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Device allows 'conversation with human brain,' helps treat epilepsy

by Dawn Brazell | News Center | December 11, 2013

NeuroPaceDr. Jonathan Edwards and patient Erick Gordon celebrate the recent FDA approval of a neurostimulation device to treat epilepsy.
Sarah Pack 

Erick Gordon can crack a joke now.

Most wouldn’t think much of that except his family and friends who watched the young adult’s personality and sense of humor disappear after a diagnosis of epilepsy in March 2007. Gordon, who had never had a seizure up until that time, began to have 30 grand mal seizures a month.

It meant he couldn’t drive. He had to drop out of school. He lost his social life and felt his personality and everything important to him slipping away.

Gordon can smile about it now that he’s getting his life back.

He has tried six medications to find out what works and volunteered to be in the NeuroPace RNS System Pivotal Clinical Investigation that was completed in May 2011. The responsive neurostimulation device received Federal Drug Administration pre-market approval last month. Gordon, 25, now has a girlfriend and plans to start back to school. He was one of the first to celebrate approval for the technology, as was his physician Jonathan Edwards, M.D., who is director of MUSC’s Comprehensive Epilepsy Program.

The new technology is part of the rapidly evolving field of neurostimulation, said Edwards, explaining that there are many different forms being used for a wide range of conditions from Parkinson’s disease to certain psychiatric conditions. What is different about this newly approved therapy is that it is responsive. Other forms have been used mostly one-directional, where a stimulus is used in the brain on and off throughout the day to either prevent a symptom or improve a symptom, but they don’t actually respond to neurological activity.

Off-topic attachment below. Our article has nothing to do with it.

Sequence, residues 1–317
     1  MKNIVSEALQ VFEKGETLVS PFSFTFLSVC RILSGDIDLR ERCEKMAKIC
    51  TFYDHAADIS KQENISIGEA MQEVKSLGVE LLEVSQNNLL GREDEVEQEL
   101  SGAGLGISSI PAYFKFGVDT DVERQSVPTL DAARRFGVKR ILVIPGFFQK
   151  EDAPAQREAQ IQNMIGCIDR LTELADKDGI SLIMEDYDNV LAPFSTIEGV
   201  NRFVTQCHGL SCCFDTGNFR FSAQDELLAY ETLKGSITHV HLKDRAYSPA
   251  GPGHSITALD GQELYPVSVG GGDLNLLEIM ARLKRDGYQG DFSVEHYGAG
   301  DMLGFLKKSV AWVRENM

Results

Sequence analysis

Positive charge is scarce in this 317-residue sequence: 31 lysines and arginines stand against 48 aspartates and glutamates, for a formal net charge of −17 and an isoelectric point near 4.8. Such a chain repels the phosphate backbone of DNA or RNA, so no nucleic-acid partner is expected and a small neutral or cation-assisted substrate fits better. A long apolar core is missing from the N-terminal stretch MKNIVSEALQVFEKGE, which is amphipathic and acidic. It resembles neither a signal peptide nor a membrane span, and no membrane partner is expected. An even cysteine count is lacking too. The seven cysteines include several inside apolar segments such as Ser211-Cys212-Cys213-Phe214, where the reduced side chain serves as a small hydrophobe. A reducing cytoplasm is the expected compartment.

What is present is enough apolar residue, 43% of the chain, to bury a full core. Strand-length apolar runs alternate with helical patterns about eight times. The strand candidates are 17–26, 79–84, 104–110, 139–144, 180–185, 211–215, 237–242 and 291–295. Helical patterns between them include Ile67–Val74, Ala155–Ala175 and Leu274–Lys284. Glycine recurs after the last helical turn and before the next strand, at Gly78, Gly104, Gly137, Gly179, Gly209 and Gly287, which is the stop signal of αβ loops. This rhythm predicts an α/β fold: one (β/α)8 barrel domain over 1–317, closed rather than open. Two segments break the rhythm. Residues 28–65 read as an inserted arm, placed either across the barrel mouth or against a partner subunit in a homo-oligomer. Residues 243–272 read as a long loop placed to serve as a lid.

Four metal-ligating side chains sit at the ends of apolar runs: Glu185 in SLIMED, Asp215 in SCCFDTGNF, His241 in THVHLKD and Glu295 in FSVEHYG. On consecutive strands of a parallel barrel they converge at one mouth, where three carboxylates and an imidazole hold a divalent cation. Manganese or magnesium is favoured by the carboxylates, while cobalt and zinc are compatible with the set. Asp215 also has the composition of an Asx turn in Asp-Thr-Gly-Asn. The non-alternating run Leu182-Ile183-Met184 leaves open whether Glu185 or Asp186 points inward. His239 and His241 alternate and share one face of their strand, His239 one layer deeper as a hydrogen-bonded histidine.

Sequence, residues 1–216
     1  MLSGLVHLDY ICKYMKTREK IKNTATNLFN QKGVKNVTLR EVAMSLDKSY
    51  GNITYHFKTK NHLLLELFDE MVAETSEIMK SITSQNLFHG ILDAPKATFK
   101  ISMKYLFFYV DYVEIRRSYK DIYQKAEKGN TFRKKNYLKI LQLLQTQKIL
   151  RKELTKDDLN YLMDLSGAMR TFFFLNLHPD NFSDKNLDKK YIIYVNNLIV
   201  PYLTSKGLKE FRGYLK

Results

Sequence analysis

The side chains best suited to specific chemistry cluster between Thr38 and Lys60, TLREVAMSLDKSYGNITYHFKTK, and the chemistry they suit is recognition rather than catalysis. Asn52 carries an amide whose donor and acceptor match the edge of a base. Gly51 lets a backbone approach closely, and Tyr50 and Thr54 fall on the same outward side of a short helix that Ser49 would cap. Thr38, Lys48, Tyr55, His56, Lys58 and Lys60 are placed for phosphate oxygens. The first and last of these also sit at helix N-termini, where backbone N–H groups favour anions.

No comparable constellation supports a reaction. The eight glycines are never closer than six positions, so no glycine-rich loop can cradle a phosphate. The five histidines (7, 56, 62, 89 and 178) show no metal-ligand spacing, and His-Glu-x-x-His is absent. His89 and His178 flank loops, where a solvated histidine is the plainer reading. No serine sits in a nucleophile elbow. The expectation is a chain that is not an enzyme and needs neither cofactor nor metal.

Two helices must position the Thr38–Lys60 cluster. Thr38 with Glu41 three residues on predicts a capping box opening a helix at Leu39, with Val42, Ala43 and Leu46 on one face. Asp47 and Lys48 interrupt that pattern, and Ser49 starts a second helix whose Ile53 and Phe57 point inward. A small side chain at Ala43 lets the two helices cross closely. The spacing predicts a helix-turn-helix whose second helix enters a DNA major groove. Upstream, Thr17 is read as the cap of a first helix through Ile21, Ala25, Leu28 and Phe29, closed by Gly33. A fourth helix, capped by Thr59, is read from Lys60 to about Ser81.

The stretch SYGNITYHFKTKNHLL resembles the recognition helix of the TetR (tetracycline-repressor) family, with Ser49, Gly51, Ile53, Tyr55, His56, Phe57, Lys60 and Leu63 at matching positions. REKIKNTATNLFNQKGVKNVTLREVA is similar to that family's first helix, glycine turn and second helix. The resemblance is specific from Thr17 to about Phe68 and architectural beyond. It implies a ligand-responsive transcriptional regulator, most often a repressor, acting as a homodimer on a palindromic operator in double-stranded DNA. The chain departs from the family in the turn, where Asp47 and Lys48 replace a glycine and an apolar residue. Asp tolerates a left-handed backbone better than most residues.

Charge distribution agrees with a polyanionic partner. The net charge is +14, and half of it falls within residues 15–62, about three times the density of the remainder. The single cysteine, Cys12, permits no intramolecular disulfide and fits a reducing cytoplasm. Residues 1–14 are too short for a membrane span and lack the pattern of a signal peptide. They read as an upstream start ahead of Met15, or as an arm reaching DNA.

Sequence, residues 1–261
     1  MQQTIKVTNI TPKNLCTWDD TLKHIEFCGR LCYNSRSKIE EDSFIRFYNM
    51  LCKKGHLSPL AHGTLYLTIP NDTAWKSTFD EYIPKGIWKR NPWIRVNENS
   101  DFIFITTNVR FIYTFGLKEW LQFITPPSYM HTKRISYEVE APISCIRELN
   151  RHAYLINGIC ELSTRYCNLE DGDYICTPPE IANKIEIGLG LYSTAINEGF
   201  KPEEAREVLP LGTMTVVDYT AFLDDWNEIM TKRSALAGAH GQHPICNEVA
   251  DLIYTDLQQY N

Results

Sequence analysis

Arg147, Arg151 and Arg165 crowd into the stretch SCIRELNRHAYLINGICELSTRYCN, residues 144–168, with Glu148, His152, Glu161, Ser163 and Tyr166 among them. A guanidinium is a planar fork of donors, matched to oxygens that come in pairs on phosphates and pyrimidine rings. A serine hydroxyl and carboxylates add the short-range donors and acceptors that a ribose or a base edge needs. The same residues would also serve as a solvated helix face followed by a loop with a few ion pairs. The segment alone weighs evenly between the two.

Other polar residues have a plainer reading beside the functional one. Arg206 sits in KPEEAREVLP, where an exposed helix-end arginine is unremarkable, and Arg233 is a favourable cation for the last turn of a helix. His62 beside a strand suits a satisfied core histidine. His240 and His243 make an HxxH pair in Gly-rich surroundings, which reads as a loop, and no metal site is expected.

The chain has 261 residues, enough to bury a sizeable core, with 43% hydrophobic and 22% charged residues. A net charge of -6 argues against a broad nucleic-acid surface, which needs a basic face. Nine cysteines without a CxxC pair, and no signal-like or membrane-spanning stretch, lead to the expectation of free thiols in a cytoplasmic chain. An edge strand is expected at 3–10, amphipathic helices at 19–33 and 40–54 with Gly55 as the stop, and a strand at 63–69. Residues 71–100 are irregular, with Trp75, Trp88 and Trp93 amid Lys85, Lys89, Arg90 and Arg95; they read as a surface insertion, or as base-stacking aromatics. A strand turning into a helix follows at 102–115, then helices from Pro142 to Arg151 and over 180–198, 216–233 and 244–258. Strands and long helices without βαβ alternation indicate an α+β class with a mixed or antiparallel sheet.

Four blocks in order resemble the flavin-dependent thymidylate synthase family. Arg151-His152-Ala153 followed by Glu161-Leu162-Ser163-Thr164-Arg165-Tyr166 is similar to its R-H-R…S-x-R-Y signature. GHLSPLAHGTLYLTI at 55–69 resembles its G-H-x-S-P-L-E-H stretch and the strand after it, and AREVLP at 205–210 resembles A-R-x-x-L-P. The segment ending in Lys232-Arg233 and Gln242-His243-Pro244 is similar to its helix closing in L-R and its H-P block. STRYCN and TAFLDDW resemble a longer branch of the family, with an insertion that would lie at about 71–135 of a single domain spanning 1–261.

“This responsive neurostimulator is a very clever device. It’s essentially a small microprocessor that’s placed in the patient’s skull and a couple of small electrodes about the size of spaghetti are placed in a person’s brain at the source of the seizures.”

Neurosurgeons place the electrodes into the brain using stereotactic surgery where imaging data is correlated to a three-dimensional space so the electrodes can be placed with pinpoint accuracy at the site of the seizure activity. The NeuroPace device records electrical activity from the brain, and the patient has a laptop computer with a wand that can wirelessly download information from the device. Physicians can program it to detect the patient’s seizures, adjusting the methods of delivery and settings over time that best help the patient.

NeuroPace, Inc.
The responsive neurostimulation system is  designed to detect abnormal electrical activity in the brain and respond by delivering imperceptible levels of electrical stimulation to normalize brain activity before an individual experiences seizures.